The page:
Looking back at the BBBR2022, it was a great experience. The route through the Bohemian mountains was as challenging as it was beautiful. Steep climbs and descents made it one of the most brutal and challenging routes I have ever ridden.
Unfortunately, 6km into the race, I already encountered tire issues. A long walk back to start, and 3.5 hours later, I re-started. The chase was on! At the end of day one, I caught the first riders, and on day two, I was in the mid of the field. Making long hours and shortstops was my strategy, and in the following days, I slowly gained a better position in the race.
The conditions were not easy. Cold nights were the hardest. The first night I slept outside in the forest in a small wooden cabin. The forecast before the race mentioned minimum temperatures of about 8 degrees Celsius, but the temperatures dropped around the freezing point. My lightweight sleeping bag has a minimum of 6 degrees, so you would understand I did not sleep well.
Furthermore, rain and changing weather conditions during the day made you reconsider your clothing choices all the time. It was jacket on or off, having it too warm or too cold. Combined with the challenging route, the pace was slower than expected. Every rider that I spoke to was behind their expected schedule.
Due to the cold weather, I wanted to sleep in a hotel for the 2nd night. This offers some comfort, but it also costs a lot of time. There were barely any hotels on the route; thus, to find a hotel, you had to go off route. Another challenge was that most hotels in small villages are closed after 10 PM, which shortens your potential riding hours for that day. Due to the cold, I was happy with my decision to sleep in a hotel. However, next time I will definitely bring a warmer sleeping bag.
Each following day went OK, but all mornings are tough in any ultra-race. Waking up around 4 AM and starting cycling before 5 AM always takes some time to get back into your rhythm. The legs hurt, the body is tired and hungry, and your butt does not prefer to sit on the saddle again the whole day. ;) In the morning, my pace is always slow, and my body is in survival mode until there is a village with a supermarket, bakery, or just a gas station. Any will do if they have coffee and some food. After that point, the pace increases, and you pedal as long as you can.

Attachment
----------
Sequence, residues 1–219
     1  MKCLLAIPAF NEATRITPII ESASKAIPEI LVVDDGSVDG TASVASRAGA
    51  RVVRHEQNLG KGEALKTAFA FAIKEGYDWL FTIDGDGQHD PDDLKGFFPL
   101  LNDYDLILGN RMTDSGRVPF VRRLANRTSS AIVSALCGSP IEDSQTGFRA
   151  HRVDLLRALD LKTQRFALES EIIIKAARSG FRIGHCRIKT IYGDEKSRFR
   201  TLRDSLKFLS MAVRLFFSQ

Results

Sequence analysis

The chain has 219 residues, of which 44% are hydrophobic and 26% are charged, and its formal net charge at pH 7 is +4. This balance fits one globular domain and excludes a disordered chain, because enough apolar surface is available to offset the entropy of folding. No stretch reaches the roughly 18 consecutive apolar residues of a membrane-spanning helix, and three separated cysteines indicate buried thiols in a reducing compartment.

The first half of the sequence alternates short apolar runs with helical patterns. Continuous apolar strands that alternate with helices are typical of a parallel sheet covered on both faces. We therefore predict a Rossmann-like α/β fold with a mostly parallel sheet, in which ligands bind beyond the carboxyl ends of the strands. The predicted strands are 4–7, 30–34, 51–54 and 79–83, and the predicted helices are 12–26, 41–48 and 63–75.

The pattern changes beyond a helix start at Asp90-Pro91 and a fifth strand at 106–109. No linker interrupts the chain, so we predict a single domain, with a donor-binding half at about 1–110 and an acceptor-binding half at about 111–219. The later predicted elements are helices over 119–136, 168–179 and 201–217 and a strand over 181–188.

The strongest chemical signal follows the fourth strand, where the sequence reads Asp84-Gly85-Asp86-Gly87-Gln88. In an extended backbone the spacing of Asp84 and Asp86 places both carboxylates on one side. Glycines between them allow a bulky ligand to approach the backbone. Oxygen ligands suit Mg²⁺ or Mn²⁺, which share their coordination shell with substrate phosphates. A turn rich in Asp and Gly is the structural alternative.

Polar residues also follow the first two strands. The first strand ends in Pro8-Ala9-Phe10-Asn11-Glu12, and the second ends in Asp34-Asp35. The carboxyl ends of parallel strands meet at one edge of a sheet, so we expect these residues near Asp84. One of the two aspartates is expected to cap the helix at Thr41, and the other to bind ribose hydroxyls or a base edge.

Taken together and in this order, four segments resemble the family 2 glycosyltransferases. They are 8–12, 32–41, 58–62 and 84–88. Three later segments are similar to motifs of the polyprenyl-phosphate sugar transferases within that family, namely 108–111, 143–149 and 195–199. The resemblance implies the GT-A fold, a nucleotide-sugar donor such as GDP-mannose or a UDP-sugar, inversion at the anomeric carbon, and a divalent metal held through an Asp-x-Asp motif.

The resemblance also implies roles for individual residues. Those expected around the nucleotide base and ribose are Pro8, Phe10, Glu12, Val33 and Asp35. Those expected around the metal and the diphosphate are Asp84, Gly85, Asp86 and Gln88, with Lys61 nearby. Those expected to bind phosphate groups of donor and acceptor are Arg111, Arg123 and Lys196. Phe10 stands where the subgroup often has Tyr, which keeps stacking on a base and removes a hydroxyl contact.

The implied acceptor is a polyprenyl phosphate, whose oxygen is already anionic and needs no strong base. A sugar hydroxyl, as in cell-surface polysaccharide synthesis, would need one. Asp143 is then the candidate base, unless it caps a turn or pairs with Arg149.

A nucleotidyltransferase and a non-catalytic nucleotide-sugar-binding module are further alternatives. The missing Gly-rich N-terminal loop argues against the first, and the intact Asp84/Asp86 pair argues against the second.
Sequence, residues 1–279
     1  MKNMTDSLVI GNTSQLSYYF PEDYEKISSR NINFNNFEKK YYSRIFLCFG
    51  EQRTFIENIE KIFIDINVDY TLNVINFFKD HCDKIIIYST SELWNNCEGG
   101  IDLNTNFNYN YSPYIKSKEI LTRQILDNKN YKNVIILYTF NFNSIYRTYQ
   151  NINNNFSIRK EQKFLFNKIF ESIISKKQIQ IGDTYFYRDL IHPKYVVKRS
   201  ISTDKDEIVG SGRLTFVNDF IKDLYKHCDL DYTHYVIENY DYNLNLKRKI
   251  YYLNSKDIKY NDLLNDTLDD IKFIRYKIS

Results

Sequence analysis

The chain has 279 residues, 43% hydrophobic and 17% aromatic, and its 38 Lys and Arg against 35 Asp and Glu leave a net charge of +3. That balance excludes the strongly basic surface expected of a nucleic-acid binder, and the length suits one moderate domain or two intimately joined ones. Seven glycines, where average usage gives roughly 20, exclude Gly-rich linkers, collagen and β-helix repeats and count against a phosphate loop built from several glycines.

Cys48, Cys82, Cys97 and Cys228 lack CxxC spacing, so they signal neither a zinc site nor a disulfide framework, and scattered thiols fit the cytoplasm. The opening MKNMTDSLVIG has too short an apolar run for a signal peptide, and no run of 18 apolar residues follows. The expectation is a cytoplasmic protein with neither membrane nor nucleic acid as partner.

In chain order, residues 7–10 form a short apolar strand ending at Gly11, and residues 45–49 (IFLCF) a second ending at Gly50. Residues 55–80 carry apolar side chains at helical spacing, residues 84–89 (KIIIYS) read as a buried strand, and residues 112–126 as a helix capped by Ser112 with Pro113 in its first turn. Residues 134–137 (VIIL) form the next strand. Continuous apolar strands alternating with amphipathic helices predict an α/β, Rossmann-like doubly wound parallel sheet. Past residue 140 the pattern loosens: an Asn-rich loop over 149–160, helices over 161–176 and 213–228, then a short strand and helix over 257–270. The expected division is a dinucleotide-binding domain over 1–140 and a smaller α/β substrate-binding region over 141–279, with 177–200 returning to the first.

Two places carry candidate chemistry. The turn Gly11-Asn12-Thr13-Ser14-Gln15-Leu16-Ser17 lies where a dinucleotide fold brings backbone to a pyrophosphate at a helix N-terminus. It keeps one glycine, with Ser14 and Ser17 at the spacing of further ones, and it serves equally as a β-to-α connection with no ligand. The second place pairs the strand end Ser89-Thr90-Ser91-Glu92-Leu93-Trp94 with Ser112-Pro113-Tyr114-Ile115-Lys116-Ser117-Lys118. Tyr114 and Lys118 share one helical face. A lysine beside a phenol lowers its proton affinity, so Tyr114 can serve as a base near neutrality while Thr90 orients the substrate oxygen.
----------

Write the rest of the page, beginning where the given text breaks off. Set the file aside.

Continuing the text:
On day 3, I slept outside again at CP4, it was still cold, but I gained some positions in the race each day, which boosted my motivation to catch more riders. I was now riding within the top 20 with some riders very nearby. At the end of day 4, I caught some riders having dinner in Telc. It was around 8 PM, so I joined them for a good dinner. And however, I could go for another few hours, I decided to book a hotel, sleep early and start early as well. A good decision because there was some heavy rain coming.
At the start of day 5, I noticed I was not the only one with this strategy. Already in the first 10 minutes, I saw three other riders who started early, around 4:30 AM. Luckily I could drop them and start chasing the top 15. All went well until I got three flats in a couple of hours which caused a lot of delays. Due to the issues at the start, I did not have any spare inner tubes left and had to patch the inner tubes. This way, I made it to CP6 but could not continue before buying new inner tubes. The stores were closed, and I had to wait until the following day. This would mean half a day delay upon the delay I already encountered. A combination of my personal situation at home, physical (exhausted, saddle sore, and increasing sickness), and bike status, I decided to scratch from the race. Unfortunately, because the top 10 seemed possible, I’m still convinced it was the right decision. Maybe I’ll try again next year. ;)